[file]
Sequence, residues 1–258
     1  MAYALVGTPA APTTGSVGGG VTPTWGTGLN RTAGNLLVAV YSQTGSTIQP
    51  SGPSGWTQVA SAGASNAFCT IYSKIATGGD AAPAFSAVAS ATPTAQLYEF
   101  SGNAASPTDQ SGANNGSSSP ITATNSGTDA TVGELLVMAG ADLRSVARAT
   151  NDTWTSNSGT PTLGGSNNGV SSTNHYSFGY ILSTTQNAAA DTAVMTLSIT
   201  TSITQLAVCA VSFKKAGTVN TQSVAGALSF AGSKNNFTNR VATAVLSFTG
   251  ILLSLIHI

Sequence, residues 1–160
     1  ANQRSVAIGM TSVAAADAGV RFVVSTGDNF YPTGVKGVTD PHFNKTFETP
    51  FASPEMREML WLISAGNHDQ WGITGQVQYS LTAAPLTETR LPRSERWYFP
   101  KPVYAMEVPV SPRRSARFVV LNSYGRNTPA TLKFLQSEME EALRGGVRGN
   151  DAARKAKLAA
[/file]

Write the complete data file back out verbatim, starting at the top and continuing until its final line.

Sequence, residues 1–258
     1  MAYALVGTPA APTTGSVGGG VTPTWGTGLN RTAGNLLVAV YSQTGSTIQP
    51  SGPSGWTQVA SAGASNAFCT IYSKIATGGD AAPAFSAVAS ATPTAQLYEF
   101  SGNAASPTDQ SGANNGSSSP ITATNSGTDA TVGELLVMAG ADLRSVARAT
   151  NDTWTSNSGT PTLGGSNNGV SSTNHYSFGY ILSTTQNAAA DTAVMTLSIT
   201  TSITQLAVCA VSFKKAGTVN TQSVAGALSF AGSKNNFTNR VATAVLSFTG
   251  ILLSLIHI

Sequence, residues 1–160
     1  ANQRSVAIGM TSVAAADAGV RFVVSTGDNF YPTGVKGVTD PHFNKTFETP
    51  FASPEMREML WLISAGNHDQ WGITGQVQYS LTAAPLTETR LPRSERWYFP
   101  KPVYAMEVPV SPRRSARFVV LNSYGRNTPA TLKFLQSEME EALRGGVRGN
   151  DAARKAKLAA